On 18 and 19 October 2022 the Royal Marechaussee, the Dutch military police, will host a Conference on the Entry/Exit System in the Maritime Domain for EU border guard agency Frontex in Rotterdam. The conference will bring Frontex staff, staff of border and port authorities from EU member states and representatives from selected companies and cruise-ship associations together to discuss the implementation of the Entry/Exit System (EES), a biometrics based database, at maritime border crossing points. The EES is part of a network of (biometrics) databases, with the aim to create a ‘virtual wall’ to keep or get migrants out of the EU. These virtual walls connect with the whole system of border walls, border militarisation, border externalisation, detention and deportations the EU has deployed in building Fortress Europe. It is also another profit opportunity for the military and security industry.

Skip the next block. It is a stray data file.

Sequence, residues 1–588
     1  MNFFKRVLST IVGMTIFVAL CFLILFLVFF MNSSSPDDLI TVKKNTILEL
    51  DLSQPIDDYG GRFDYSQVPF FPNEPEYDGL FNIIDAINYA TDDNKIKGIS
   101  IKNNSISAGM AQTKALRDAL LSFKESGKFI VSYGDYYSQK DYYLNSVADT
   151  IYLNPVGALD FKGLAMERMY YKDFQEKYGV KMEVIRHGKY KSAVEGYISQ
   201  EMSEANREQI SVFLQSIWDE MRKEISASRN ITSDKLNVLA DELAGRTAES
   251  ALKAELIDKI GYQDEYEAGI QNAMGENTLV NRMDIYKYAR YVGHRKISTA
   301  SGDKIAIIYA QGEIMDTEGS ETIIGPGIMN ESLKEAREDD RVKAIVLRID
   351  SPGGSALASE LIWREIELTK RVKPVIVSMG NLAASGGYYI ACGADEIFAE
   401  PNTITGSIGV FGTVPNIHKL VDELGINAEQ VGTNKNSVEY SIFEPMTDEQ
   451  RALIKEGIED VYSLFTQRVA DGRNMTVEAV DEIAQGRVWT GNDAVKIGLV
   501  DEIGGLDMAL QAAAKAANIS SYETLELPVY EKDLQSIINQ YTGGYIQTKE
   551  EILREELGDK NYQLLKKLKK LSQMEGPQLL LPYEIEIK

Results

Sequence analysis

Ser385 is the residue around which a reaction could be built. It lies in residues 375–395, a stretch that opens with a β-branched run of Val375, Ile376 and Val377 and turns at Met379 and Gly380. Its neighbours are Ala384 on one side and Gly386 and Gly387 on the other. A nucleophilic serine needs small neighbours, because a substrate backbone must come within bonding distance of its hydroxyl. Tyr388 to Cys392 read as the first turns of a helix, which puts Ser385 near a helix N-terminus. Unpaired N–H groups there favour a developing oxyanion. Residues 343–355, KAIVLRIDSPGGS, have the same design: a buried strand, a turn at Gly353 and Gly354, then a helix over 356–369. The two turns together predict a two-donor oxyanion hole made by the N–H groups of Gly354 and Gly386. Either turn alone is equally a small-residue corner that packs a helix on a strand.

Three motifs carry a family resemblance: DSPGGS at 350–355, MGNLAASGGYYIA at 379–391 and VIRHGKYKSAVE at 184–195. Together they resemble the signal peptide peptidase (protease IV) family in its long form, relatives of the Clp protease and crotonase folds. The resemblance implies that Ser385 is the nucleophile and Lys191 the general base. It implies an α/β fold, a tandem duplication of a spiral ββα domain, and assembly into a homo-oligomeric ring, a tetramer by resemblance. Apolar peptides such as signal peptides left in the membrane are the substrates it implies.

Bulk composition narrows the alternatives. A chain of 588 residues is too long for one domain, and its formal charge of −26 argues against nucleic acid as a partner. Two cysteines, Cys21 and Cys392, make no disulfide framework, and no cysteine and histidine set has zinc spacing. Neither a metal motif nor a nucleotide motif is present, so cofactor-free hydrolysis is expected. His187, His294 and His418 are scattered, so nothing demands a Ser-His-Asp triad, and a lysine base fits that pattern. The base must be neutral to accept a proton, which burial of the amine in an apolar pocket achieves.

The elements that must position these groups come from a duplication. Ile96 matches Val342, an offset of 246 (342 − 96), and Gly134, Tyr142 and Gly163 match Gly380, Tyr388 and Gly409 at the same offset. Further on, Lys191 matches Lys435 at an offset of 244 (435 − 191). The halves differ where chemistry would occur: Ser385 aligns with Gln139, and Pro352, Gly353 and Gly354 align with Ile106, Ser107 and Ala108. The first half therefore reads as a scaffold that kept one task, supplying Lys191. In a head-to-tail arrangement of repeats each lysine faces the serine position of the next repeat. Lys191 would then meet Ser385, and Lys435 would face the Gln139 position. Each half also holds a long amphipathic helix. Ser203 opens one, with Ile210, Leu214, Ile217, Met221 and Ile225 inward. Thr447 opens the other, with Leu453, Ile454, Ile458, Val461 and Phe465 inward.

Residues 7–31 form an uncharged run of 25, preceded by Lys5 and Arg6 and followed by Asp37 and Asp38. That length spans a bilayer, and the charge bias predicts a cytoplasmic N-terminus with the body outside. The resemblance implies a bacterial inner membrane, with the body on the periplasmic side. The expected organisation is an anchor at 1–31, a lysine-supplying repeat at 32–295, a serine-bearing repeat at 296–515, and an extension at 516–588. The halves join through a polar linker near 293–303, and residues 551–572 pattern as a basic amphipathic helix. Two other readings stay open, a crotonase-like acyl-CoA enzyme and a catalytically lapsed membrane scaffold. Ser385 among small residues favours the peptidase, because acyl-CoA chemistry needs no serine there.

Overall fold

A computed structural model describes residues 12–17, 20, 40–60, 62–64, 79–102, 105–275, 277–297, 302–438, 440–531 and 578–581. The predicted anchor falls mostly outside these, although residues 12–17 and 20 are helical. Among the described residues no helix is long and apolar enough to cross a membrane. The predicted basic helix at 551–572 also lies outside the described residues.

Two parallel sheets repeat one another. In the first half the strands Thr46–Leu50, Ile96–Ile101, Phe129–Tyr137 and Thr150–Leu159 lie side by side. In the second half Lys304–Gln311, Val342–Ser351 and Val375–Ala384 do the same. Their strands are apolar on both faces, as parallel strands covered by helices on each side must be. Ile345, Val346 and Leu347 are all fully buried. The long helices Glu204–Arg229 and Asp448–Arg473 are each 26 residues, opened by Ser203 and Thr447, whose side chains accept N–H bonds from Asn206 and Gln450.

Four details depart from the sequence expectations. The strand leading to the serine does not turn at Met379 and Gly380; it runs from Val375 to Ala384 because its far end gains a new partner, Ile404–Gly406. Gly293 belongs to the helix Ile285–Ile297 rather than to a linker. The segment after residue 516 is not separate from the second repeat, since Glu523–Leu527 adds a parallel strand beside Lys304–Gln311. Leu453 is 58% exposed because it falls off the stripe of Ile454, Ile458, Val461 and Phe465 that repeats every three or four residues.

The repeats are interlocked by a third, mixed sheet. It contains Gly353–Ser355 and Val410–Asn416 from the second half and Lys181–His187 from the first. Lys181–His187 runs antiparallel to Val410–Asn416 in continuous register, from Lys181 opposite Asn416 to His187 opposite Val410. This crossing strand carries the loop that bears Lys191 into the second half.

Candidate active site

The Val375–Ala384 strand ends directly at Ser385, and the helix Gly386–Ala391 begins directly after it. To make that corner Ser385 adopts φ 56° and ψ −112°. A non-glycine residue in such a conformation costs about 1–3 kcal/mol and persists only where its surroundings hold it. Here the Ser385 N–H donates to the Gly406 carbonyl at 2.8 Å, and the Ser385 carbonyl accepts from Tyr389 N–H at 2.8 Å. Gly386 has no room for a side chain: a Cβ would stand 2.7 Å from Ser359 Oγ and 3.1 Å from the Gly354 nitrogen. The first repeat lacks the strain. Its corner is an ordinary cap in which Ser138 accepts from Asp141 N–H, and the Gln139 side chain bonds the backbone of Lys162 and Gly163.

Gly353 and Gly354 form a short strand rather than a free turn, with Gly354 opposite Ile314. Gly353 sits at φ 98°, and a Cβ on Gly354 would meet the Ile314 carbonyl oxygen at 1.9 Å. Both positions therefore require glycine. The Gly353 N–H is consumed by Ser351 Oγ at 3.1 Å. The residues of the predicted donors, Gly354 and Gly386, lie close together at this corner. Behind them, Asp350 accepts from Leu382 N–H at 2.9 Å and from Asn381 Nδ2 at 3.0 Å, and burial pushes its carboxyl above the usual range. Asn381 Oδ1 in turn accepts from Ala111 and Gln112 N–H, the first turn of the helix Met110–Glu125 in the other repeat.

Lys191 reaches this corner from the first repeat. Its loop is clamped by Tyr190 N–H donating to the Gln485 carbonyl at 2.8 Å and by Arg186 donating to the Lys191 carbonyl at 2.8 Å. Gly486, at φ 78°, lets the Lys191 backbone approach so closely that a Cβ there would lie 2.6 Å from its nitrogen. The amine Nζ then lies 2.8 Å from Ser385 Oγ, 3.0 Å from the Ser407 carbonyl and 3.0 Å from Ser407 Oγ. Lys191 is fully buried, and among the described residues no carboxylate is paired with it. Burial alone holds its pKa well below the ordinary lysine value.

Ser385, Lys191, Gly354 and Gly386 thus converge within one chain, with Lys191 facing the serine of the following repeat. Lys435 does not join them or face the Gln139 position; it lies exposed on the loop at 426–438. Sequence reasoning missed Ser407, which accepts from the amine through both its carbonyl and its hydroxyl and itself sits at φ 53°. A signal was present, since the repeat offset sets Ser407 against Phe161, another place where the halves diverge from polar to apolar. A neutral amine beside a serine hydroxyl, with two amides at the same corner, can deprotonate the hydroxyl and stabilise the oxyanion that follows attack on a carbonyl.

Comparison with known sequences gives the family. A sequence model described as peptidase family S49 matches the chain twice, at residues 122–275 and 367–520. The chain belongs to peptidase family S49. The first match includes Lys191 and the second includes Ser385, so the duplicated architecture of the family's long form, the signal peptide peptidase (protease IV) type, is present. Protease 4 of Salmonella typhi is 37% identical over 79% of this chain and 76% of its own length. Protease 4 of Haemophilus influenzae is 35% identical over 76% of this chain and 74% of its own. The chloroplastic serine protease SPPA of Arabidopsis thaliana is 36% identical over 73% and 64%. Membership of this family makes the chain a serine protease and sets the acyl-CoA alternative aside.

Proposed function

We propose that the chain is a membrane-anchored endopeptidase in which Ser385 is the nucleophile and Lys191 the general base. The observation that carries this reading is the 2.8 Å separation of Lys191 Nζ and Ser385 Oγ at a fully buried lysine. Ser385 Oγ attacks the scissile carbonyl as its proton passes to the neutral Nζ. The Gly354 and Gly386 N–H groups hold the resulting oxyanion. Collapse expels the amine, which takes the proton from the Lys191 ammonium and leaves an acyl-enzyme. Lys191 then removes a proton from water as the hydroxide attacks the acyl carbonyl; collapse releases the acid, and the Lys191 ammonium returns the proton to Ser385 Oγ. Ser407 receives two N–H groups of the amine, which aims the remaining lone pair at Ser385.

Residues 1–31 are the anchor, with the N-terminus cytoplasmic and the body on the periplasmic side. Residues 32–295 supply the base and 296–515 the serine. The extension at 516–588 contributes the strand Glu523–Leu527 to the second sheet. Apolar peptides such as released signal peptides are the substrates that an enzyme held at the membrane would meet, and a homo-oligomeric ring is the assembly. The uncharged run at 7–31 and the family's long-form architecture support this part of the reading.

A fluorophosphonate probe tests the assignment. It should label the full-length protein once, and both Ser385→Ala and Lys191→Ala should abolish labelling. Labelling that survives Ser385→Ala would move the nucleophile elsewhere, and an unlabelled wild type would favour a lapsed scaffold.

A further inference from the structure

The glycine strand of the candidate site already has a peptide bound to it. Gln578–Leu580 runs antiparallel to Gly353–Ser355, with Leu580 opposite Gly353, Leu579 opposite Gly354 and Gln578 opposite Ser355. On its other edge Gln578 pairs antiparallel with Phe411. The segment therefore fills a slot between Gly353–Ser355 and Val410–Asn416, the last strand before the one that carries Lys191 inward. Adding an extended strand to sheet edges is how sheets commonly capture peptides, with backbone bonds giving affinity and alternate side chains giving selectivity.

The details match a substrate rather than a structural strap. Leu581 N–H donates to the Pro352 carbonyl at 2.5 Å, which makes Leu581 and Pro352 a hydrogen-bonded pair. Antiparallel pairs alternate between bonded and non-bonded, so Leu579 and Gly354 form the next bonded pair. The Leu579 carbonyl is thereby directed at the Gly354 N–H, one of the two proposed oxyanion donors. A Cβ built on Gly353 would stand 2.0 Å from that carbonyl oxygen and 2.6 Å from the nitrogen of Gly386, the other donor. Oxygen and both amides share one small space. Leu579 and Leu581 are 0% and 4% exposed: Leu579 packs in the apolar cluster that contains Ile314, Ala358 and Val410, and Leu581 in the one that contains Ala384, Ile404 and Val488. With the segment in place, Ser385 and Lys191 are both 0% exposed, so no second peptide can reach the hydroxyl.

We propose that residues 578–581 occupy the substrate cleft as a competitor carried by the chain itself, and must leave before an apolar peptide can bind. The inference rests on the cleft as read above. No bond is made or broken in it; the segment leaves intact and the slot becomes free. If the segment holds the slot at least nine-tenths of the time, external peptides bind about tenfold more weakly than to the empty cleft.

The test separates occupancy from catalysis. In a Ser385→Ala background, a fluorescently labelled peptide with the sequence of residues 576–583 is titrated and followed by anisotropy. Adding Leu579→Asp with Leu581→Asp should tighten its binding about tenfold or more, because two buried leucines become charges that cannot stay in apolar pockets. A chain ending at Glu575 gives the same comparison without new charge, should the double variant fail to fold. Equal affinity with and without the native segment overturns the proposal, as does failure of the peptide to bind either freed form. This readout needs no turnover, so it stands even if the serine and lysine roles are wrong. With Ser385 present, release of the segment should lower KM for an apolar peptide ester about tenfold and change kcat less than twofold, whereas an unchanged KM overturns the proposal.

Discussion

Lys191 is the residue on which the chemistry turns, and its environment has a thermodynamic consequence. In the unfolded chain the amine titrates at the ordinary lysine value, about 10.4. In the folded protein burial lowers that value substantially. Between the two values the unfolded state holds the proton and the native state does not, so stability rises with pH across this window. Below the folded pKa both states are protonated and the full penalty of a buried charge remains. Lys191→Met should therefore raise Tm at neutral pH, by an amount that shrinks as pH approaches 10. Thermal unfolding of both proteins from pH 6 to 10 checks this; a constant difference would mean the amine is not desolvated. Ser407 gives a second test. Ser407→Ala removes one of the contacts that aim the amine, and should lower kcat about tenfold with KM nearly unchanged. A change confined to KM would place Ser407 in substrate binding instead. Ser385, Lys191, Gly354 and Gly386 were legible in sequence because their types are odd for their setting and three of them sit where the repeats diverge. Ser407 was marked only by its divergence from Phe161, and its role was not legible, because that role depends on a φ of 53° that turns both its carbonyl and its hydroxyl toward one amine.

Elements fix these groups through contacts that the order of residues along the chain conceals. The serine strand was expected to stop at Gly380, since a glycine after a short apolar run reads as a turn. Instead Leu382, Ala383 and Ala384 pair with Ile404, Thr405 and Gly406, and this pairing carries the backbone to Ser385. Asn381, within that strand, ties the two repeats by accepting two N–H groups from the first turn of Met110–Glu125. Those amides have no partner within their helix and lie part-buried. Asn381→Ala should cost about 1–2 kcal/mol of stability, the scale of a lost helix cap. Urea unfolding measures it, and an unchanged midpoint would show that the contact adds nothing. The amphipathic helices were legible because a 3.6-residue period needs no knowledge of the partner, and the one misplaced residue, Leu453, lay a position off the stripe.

The Entry-Exit System is a system to register the crossings of EU external borders by short-stay visa holders and visa-exempt travellers from non-EU-countries. The database will contain name, travel document, biometric data and place of entry and exit. Refusals of entry will also be recorded. The system should replace the manual stamping of passports.
The European Commission presented the proposal for the EES in April 2016, as part of its Smart Borders Package, in the wake of the so-called ‘refugee crisis’ of 2015, when many new border security and control initiatives were launched. Originally the EES was planned to become operational in May 2022, but this has been postponed to 2023, because not all member states are ready to start working with the system and there are delays from the side of the companies contracted to set up the system.